Happy birthday to Federico Bahamontes, who was born on July 9, 1928.
Nicknamed the “Eagle of Toledo” for his climbing prowess, Bahamontes was one of the most consistent climbers in the history of the Grand Tours.
He was also the first rider to win six Mountains Jersey competitions in the Tour de France, and the first rider to win the Mountains Jersey in all three Grand Tours.
Bahamontes’ first and only Grand Tour victory came in 1959, when he won the Tour de France ahead of Henri Anglade and Jacques Anquetil of France.
Previously, the Spanish rider finished second in the 1954 and 1957 Vuelta a Espana, followed by two podium finishes in the 1963 and 1964 Tour de France behind Jacques Anquetil and Raymond Poulidor of France.
In addition, Bahamontes shared the Mountains Jersey title with Charly Gaul of Luxembourg and M. Del Rio of Italy in the 1956 Giro d’Italia.
In the seven French Grand Tours he raced in, Bahamontes won the mountains jersey in all but one.
But, perhaps Bahamontes most memorable moment was, when he vanquished his rivals during one of the major climbs in the 1954 Tour de France, and then stopped for ice cream and waited for them to catch up.
Bahamontes’ last podium finish in a Grand Tour event was in the 1964, when he finished in 3rd in the Tour de France. He retired the following season at the age of 36.
Bahamontes was born in Santo Domingo-Caudilla, Toledo, Spain. As a result of his family being devastated by the Spanish civil war, his father decided to move the family to Madrid as refugees, who later opened up fruit and vegetable stand.
“My father was neither a red nor a fascist – he simply didn’t like the idea of people coming along and demanding he give away olives, butter and chickens into which he had put too much work, so we left Toledo,” Bahamontes said.
The young Bahamontes began racing in the late 1940s, winning his first race on July 18, 1947, while wearing nothing more than a baseball jersey.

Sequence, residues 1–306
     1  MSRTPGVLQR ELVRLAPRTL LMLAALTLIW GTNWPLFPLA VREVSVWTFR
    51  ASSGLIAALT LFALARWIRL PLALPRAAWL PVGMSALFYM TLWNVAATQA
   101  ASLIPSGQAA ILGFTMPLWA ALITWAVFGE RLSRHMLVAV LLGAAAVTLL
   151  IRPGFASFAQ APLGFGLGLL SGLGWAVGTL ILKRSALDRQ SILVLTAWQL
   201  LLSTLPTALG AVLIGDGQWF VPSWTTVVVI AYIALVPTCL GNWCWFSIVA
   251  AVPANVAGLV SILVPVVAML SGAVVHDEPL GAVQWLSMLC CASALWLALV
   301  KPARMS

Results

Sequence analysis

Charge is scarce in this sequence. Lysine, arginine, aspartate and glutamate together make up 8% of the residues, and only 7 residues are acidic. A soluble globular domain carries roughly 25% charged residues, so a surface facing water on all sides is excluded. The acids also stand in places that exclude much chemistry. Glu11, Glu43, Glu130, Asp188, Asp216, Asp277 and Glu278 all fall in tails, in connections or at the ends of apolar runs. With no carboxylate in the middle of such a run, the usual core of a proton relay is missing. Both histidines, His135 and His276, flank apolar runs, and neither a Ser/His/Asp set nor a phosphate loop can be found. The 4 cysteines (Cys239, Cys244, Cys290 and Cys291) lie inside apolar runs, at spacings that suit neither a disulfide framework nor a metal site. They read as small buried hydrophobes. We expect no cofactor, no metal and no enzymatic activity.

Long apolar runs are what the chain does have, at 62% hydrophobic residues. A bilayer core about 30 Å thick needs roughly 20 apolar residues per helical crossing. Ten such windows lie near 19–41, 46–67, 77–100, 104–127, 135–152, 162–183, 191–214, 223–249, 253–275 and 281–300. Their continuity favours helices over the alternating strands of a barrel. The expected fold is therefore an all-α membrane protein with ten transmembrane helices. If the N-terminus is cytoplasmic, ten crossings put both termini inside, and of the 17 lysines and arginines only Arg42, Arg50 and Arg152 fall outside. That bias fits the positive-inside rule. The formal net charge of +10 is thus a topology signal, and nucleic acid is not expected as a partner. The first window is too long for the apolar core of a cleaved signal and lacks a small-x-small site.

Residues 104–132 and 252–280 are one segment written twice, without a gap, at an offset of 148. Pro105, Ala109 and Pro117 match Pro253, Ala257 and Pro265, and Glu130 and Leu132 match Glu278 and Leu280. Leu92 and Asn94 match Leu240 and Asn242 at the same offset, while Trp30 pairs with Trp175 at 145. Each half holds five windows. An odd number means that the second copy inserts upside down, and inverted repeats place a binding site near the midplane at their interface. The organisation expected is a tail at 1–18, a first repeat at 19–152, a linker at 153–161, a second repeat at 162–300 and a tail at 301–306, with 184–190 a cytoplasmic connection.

This date would prove to be a portend for Bahamontes, who would go on to win the Tour de France on same day – 12 years later.
Bahamontes rise to prominence came in 1950, when he won the Spanish Amateur National Road Championship, which was followed by victories in the lesser-known races of the Tour d’Ávila and Vuelta a Albacete, over the next two seasons.
After winning his first mountains jersey in the 1953 Tour of Asturias while still a young amateur, the Spanish cycling federation picked Bahamontes to race in the following season’s Tour de France. And, while the 23-year old fledging pro didn’t win the Tour, he did succeed in the winning the mountains classification, thus earning the nickname the “Eagle of Toledo” by the cycling press.
From there, Bahamontes went on winning the mountains classification in all three Grand Tours, but an overall victory continued to remain outside of his grasp until 1959.
Bahamontes was not initially considered a favorite to win the overall in the 1959 Tour de France, but he benefited from an early escape on a stage in the Pyrenees, and then won a mountain time trial to the Puy-de-Dôme.
While in the Alps, he worked closely with fellow climber Charly Gaul to extend the lead into Grenoble, and although French riders Henry Anglade and Jacques Anquetil cut their deficits, neither made up enough time to threaten Bahamontes’ overall lead. He won by more than four minutes over Anglade, while claiming the King of the Mountains title as well.